"Be Ye Tenderhearted"
Here is one of the great basic truths of Christianity.
The Christian has Christ as his life. Christ is all, not simply
is his (or her) all, but Christ is all. There is no true Christian
character at all in our life except only as Christ, who is our
life, produces it. The stream flows out in our manners and actions
but the spring is Christ Himself, who is our life, dwelling within
the heart by faith. Therefore it goes without saying, that this
life in us should be characterized by that same divine tenderness
that was ever seen in Him as He walked down here in this scene.
What is this list here--bowels of mercies, kindness, humbleness
of mind, meekness, longsuffering, forgiveness, love--if not a
perfect portrait of Christ? And this is presented here as being
what the Christian is to put on and display in his walk and ways,
for Christ is his life. It was natural for Christ, for it is His
nature. It is not natural in the Christian; it is something he
has to put on by surrendering himself fully to Christ and allowing
Him to manifest His own character of divine tenderness in and
It is much easier to convince one of his natural
sinfulness than to convince one of his natural hardness and utter
destitution of heavenly and divine tenderness. The very essence
of the new life is a divinely imparted tenderness and sweetness
of spirit. Without this, even the most strict Christian life is
a misrepresentation of Christ, who is our life. Even among intensely
devoted Christians, nothing is more rare to find than a continuous,
all pervading spirit of tenderness.
Tenderness of spirit is preeminently divine.
It is not the delicacy and soft sensibility of a mere gentle make-up
which some persons naturally possess, neither is it the
courtesy of manner which results from high culture and beautiful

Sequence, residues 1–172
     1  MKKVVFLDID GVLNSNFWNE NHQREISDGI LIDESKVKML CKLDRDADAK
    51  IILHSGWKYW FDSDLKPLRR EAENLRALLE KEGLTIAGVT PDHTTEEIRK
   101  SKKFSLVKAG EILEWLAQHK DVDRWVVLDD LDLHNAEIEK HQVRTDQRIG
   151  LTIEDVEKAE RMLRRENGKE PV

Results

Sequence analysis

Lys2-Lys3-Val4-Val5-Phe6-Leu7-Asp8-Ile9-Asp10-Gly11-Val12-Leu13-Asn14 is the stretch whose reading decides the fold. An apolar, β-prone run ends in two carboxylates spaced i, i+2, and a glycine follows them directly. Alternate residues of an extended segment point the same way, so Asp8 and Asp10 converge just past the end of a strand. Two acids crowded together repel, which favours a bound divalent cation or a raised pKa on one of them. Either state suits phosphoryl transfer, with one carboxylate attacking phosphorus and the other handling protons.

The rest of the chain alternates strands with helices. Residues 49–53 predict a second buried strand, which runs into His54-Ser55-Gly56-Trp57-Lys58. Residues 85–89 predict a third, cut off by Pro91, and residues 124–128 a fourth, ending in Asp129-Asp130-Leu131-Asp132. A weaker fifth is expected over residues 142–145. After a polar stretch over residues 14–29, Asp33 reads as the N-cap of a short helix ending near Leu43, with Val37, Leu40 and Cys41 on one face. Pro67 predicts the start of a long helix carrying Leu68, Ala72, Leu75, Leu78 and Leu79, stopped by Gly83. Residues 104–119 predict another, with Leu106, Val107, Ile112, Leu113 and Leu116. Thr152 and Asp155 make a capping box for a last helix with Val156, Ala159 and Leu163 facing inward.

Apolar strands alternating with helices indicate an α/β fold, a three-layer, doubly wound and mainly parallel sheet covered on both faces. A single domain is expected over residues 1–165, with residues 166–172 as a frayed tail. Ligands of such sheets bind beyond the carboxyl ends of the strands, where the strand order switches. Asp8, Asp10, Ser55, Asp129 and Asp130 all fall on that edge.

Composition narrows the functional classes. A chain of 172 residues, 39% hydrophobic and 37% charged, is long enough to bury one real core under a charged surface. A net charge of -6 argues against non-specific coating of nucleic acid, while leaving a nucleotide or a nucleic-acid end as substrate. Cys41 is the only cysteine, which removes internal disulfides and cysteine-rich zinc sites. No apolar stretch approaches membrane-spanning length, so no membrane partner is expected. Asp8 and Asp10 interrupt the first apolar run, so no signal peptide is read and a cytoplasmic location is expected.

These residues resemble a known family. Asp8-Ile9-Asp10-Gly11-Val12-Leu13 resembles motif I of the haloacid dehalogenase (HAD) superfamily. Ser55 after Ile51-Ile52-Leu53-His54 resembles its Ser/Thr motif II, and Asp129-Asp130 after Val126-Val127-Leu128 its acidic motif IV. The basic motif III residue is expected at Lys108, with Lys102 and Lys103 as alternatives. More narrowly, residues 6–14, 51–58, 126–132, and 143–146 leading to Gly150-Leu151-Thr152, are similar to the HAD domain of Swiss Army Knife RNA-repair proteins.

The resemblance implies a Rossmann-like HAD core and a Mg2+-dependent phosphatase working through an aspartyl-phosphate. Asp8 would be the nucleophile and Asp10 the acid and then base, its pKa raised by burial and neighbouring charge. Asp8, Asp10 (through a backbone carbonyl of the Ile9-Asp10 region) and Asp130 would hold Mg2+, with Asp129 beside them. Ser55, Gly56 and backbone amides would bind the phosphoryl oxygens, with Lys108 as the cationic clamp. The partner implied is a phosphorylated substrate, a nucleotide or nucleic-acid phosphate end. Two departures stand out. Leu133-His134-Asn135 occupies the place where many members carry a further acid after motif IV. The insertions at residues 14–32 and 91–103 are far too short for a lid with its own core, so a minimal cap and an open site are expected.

social training, though these are valuable in life. It is a supernatural
work throughout the whole spiritual being. It is an exquisite
interior fountain of God's own tenderness opened up in the inner-man
inundating the soul, saturating the manners, words, and tones
of the voice: refining and moulding the whole being after the
image of Him who was infinitely meek and lowly in heart. It cannot
be borrowed, or put on for special occasions; it is emphatically
supernatural, and must flow out incessantly from the inner fountains
of a life of intimate fellowship with our meek and lowly Lord
Without this Christ-like tenderness of spirit,
the most vigorous life of righteousness and good works, rigid
purity of morals, missionary zeal, profuse liberality, ascetic
self-denial and blameless conduct utterly fail to display the
spirit of Christ.
It is impossible to see the infinite excellence
and necessity of real heavenly tenderness of heart unless it is
specially revealed to us by the Holy Spirit. What inexpressible
tenderness and gentleness of nature were always seen in Christ.
What beauty is to the rainbow, what perfume is to the rose, what
harmony is to music, all this and much more is what tenderness
of heart is to Christianity.
Without tenderness of heart, the most intensely